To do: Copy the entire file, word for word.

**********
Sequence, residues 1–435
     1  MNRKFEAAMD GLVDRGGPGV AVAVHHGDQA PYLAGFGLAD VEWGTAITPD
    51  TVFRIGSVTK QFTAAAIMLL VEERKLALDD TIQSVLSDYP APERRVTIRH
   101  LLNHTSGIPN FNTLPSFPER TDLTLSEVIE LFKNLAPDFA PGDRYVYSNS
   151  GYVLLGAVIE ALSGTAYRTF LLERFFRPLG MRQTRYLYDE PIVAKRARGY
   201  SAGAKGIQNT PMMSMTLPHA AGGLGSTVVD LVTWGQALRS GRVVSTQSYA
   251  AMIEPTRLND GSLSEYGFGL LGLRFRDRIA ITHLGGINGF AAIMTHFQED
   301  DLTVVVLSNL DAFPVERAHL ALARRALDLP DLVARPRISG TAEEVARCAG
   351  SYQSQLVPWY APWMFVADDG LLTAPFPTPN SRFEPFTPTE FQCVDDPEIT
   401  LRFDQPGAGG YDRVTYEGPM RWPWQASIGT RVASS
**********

Sequence, residues 1–435
     1  MNRKFEAAMD GLVDRGGPGV AVAVHHGDQA PYLAGFGLAD VEWGTAITPD
    51  TVFRIGSVTK QFTAAAIMLL VEERKLALDD TIQSVLSDYP APERRVTIRH
   101  LLNHTSGIPN FNTLPSFPER TDLTLSEVIE LFKNLAPDFA PGDRYVYSNS
   151  GYVLLGAVIE ALSGTAYRTF LLERFFRPLG MRQTRYLYDE PIVAKRARGY
   201  SAGAKGIQNT PMMSMTLPHA AGGLGSTVVD LVTWGQALRS GRVVSTQSYA
   251  AMIEPTRLND GSLSEYGFGL LGLRFRDRIA ITHLGGINGF AAIMTHFQED
   301  DLTVVVLSNL DAFPVERAHL ALARRALDLP DLVARPRISG TAEEVARCAG
   351  SYQSQLVPWY APWMFVADDG LLTAPFPTPN SRFEPFTPTE FQCVDDPEIT
   401  LRFDQPGAGG YDRVTYEGPM RWPWQASIGT RVASS